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Under Water, Going Mad

May 16, 2014  - Casey Barrett

I was somewhere around my 400th consecutive lap of the morning, nearing the end of a 12,000 for time, and I was all the way around the bend. As a Brit might say, I was quite mad. Which isn’t to say angry, though I was that too. But mostly, I was insane. Madness had swallowed me up on that long ago Friday morning. There wasn’t a sane, rational thought left in my chlorine-soaked mind. As soon as I touched the wall, I started ranting, throwing my mesh bag, shouting at lane-mates who had surely skipped laps.

Not my finest hour.

Does that sound familiar to anyone?

Chances are, if you spent your years between age 10 and 20 as a Swimmer (the “S” must be capitalized), you can relate to these madman emotions. Chances are, you’ve swum out to your tether of sanity. It’s a point of pride. For all of us.

Yet, this is also why the Sydney Morning Herald recently ran a less-than-inspiring column entitled: Swimming: the worst job in the sporting world. Ouch. Really? And this a missive from Down Under, where swimming is damn near a religion? How dare they. Haven’t they heard about USA Swimming’s “Funnest Sport” campaign? As someone who has spent the better part of his career celebrating, ok, selling, the virtues of swimming at all levels, I took immediate offense. Then I clicked on the story.

Ok, the guy has a point. When viewed in a certain dark light, a case can be made that swimming is a breeding ground for mental illness. I don’t mean learning to swim, or splashing around in the summer, or even swimming a few K a couple times a week as a grown-up. I mean, really swimming, like swimmers do. Swimming twice a day, most every day, for a decade or more. I mean, spending over a quarter of your waking life with your face underwater throughout your most impressionable years. To quote this Aussie columnist, Sam de Brito, “if there is a sport tailor-made for producing sociopaths and depressives, it has got to be swimming.”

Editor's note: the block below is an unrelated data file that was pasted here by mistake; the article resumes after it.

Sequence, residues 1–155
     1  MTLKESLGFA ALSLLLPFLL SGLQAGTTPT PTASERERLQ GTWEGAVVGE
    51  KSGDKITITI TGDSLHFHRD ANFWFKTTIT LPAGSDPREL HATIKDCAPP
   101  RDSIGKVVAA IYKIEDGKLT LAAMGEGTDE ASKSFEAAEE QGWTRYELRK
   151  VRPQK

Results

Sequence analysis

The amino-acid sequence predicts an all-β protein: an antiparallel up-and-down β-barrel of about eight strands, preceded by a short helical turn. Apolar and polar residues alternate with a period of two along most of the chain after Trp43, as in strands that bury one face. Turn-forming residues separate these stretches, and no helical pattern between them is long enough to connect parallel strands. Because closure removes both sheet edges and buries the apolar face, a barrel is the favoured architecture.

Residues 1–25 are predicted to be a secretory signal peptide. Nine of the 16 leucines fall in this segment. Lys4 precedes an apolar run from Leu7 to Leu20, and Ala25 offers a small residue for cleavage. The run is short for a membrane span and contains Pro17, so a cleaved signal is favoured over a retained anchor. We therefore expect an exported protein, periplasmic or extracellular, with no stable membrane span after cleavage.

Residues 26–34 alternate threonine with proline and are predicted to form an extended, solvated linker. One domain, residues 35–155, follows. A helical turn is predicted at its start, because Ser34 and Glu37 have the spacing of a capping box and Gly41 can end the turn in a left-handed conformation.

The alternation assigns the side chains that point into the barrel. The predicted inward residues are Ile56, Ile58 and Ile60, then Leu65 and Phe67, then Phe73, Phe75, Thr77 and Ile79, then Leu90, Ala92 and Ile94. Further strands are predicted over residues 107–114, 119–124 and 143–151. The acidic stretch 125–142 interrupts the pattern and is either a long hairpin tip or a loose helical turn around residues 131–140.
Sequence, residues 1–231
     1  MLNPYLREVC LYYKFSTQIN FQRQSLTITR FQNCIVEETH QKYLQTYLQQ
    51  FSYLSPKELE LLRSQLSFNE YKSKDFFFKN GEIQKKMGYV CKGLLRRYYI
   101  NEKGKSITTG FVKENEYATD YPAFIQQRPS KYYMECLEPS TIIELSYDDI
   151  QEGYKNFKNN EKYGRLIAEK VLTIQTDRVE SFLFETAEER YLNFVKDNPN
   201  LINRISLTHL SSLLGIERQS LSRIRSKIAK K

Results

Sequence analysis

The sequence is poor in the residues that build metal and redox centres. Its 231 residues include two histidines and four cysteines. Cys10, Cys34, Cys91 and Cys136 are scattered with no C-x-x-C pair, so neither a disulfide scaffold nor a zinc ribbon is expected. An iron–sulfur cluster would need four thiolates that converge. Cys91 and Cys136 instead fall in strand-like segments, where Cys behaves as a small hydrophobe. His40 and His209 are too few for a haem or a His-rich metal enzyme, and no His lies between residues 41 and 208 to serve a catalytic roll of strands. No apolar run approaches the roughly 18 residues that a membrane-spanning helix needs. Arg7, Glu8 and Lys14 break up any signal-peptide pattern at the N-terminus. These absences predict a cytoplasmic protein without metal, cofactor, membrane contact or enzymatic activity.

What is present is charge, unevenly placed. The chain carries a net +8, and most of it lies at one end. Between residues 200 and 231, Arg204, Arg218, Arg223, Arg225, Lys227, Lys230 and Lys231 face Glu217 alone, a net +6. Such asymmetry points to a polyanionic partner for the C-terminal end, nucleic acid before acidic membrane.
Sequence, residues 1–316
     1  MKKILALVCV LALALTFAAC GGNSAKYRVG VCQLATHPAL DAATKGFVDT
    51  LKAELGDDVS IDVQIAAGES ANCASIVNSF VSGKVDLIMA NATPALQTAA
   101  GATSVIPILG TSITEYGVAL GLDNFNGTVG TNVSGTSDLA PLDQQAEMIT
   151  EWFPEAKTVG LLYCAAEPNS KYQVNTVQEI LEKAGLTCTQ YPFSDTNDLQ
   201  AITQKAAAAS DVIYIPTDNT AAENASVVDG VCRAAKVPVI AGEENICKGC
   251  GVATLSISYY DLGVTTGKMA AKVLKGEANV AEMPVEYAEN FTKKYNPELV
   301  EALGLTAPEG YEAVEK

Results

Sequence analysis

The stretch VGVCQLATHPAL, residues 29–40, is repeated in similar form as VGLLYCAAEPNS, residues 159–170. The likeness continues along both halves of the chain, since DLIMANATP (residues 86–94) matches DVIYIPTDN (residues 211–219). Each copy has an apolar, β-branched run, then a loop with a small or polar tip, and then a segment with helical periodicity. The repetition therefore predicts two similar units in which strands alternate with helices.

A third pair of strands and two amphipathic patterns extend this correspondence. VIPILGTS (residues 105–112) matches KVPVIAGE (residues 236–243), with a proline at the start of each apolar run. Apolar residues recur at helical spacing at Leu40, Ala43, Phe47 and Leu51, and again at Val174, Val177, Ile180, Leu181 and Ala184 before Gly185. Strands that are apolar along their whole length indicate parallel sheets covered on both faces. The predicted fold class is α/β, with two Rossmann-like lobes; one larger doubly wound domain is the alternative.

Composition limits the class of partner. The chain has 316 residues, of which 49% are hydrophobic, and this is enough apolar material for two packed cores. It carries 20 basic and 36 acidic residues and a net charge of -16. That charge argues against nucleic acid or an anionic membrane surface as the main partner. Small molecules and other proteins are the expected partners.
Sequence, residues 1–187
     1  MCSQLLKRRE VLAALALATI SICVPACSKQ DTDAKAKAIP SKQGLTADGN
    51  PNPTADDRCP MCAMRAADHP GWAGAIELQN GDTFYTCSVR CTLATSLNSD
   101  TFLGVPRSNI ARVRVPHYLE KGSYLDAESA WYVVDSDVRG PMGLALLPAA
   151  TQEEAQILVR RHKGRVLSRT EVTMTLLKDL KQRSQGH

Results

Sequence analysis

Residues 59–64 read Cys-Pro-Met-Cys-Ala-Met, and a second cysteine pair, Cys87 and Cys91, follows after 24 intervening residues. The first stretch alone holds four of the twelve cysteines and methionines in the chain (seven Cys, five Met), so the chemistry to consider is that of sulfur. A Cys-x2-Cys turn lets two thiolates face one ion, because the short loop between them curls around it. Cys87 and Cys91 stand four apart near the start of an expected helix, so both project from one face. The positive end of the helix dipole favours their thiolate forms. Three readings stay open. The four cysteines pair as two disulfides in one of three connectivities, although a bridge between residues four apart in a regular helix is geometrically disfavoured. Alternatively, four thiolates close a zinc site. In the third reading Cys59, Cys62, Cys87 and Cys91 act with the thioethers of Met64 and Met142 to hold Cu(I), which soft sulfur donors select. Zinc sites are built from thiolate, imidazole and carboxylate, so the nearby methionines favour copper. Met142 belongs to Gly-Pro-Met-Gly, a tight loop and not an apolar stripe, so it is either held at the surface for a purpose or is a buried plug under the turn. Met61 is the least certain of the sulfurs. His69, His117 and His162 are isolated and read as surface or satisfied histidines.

Well, that’s a little harsh, isn’t it? I’m neither a sociopath nor depressed, and I spent as many hours as anyone at that masochistic craft for a very long time. Most of us made it out sane, didn’t we? At least we’d like to believe we did.

Yet many don’t. The maladjusted champion swimmer is a bit of a hot topic down in Oz these days. Ian Thorpe and Grant Hackett in rehab after hitting the bottle and the pills too hard; Geoff Huegill getting caught doing coke at the horse races; Scottie Miller doing hard time for dealing… The list goes on. Safe to say the Aussies might want to take a closer look at their Career Transitions outreach for departing members of the National Team.

Let’s not pretend it’s limited to this unfortunate rash of Aussie champs. The column calls out the “emotional maturity of a Teletubbie” with regards to many 20-something swimmers. We all hate to admit the mean accuracy of that statement, but be honest, there’s more than a grain of truth there. There’s also an inconvenient truth to this cold passage:

“the inherent, egocentric-sole-competitor nature of swimming coaching goes to work, cementing in the swimmer what will become the defining disorder of their competitive life, that they are central to the universe, their story is the only story that matters, yet they are also separate from the universe, there is only them and all those other people. These “built-in confusions” tend to get belted out of normal people pretty early in life, but swimmers often don’t see evidence to the contrary until they are ready to retire.” 

If that hurts to read, it’s probably because it hits rather close to your pool.